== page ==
Grasslands cover approximately 30% of SA.

Only 3% of the original area in KZN is protected.

Frosts, fire and grazing maintain the grass dominance and prevent the establishment of trees.

In South Africa, 44% of mammals are found in the Grasslands Biome – including the endangered Oribi antelope which is common in the Dargle, as well as Aardvark, Porcupine, Black-backed Jackal, Slender Mongoose and Serval.

Many orchids are found in our Moist Mistbelt grasslands, including Eulophia ovalis, Satyrium longicauda, Eulophoia zeyheriana, Disa crassicornis and Eulopia leontoglossa.

Grasses belong to the family Poaceae, the most widely distributed of all flowering plant families on earth. They cover more of the vegetated land surface than any other plant family (approximately 25%) from the wettest places to the driest deserts, from the tropics to the coldest places, and from sea level to high altitudes.

As Africans we should be well aware that our grasslands are not only critically important biodiverse regions but also supply vitally important ecological services like holding the topsoil in high rainfall areas from whence our valuable water supplies originate. Grasses also provide grazing for game and domestic stock, while our savannas are important for wildlife and browsing domestic stock such as goats and some varieties of cattle. And did you know that some mammals are obligative grazers or browsers, while other mammals are facultative herbivores and are referred to as mixed-feeders?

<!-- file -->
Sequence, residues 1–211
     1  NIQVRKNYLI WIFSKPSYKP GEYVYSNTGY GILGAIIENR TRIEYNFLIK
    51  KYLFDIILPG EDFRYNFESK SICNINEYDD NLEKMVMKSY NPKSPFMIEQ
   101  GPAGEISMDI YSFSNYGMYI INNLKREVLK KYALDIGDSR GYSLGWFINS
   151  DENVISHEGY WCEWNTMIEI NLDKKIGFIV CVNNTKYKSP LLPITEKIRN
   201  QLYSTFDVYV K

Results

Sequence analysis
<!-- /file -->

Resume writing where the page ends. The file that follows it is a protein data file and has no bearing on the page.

source: Moll, E Veld and Flora, September 2009

You can download the 2013 SANBI publication Grasslands Ecosystem Guidelines: landscape interpretation for planners and managers, compiled by Cadman, M., de Villiers, C., Lechmere-Oertel, R. and D. McCulloch. South African National Biodiversity Institute, Pretoria. 139 pages, here.

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